Fact: The Afghanistan National Army Special Forces (ANASF) is the most overused force in Afghanistan.
I have personally worked with several Kandaks (units), and their training, motivation, and ops schedule vary greatly. A Special Forces Captain will often be visiting, building rapport, and convincing their unit commander to do more operations.
These Kandak commanders struggle to do more operations. They are overused and motivation is typically low. U.S. Special Forces cannot go on operations without them and need them to lead from the front; however, I have yet to see or hear about this ever happening. After being in the country working with them for nearly two decades, they still cannot conduct operations on their own and heavily rely on the U.S. military for air support and superior firepower.
Secrecy and insider threats are a genuine concern for U.S. Forces. Two SF soldiers from 7th SFG(A) were killed last week and many more were injured by partner forces in a Green-on-Blue attack. Because of this, frequently, only the ANASF Commander knows beforehand where the ANASF will operate. This leads to very vague planning by the ANASF, while U.S. SF teams go through a very detailed and deliberate planning process.
During an operation I conducted with the ANASF, in the middle of a firefight, greatly outnumbered by Taliban fighters, the ANASF went into a compound, took off all their gear, and started eating lunch. I quickly approached their lieutenant to ask what was going on, and his response to me was, don’t worry, the Americans will take care of it. I didn’t have time at the moment to debate this with him; however, it later forced me to think about what he said and what led him to say such a thing.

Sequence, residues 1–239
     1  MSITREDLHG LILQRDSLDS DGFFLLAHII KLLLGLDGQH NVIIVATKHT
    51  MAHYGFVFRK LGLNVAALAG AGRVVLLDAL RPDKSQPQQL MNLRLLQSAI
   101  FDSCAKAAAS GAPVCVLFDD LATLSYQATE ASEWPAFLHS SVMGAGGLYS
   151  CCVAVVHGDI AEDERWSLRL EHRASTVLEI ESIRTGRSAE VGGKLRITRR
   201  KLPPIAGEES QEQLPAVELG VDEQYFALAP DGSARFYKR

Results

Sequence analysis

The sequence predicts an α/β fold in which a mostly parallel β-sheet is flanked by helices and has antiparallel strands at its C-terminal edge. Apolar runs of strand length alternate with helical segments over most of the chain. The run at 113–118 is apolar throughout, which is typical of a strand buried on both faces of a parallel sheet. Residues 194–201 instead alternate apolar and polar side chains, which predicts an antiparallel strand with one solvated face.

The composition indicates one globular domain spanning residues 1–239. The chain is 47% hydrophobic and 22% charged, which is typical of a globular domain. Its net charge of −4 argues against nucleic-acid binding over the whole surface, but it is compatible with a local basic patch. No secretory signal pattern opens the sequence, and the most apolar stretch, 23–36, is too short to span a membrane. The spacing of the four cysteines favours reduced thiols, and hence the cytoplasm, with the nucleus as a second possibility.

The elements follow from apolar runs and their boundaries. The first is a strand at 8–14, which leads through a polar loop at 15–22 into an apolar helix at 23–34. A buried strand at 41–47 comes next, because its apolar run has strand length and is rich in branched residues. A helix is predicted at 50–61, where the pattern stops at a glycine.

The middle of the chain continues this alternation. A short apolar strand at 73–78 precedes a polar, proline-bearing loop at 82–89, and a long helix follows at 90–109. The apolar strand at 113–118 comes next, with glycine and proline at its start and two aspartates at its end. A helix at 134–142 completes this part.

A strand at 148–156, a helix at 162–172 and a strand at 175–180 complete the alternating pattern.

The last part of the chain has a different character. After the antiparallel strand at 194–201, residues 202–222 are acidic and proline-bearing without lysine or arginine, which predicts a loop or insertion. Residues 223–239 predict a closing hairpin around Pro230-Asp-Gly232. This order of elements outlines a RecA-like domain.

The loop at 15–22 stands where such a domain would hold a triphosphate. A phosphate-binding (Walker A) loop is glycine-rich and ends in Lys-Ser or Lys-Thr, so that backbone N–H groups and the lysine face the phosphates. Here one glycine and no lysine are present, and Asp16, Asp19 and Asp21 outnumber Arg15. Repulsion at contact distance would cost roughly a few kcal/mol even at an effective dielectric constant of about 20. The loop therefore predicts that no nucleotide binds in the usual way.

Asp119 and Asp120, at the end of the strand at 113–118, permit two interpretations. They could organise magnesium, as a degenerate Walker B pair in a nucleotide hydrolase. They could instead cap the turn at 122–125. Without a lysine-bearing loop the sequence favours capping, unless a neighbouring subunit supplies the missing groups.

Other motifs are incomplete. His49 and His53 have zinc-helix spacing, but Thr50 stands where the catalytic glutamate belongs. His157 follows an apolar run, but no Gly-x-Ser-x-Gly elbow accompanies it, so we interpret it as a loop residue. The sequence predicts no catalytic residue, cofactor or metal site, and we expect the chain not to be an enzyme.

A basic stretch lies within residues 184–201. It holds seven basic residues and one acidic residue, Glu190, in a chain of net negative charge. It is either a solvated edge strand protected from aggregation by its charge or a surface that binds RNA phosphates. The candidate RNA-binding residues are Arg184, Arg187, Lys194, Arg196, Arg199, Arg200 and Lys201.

The bottom line is that the U.S. has been the massive backbone of operations for so long that the Afghans rely on us. And why wouldn’t they? I’ve never seen an Afghan jet flying around, providing air support. Seemingly every time we bring their pilots to America to train, they go AWOL and are never found again. Can’t say I blame them.
Training is non-existent. The U.S. forces aren’t contributing any training ammo to train these forces further. And all their ammunition is going towards operations. While they go through their selection process and are better than their regular army brothers, anything more than simple infantry tactics is non-existant. The red-amber-green cycle has been established to achieve and sustain technical and tactical competence and maintain training proficiency at an acceptable level. Red being time off and leave, amber being training and green being operations. While this seems like a reasonably simple cycle, it often gets very murky. In theory, three companies could rotate over a period of time. However, I have never seen this accomplished. With attrition, leave, schools, and deaths, often, companies are scambled together with the Afghan SF teams’ hopeful and favorite guys.
After nearly two decades of fighting in Afghanistan, it doesn’t seem as though there is any real progress. The Washington Post revealed that senior U.S. officials failed to tell the truth about the war in Afghanistan throughout the 18-year campaign, making rosy pronouncements they knew to be false and hiding unmistakable evidence showing that the war had become unwinnable. Since 2001, more than 775,000 U.S. troops have deployed to Afghanistan, many repeatedly. Of those, more than 2,400 have died there, and more than 20,000 have been wounded in action, according to Defense Department figures.
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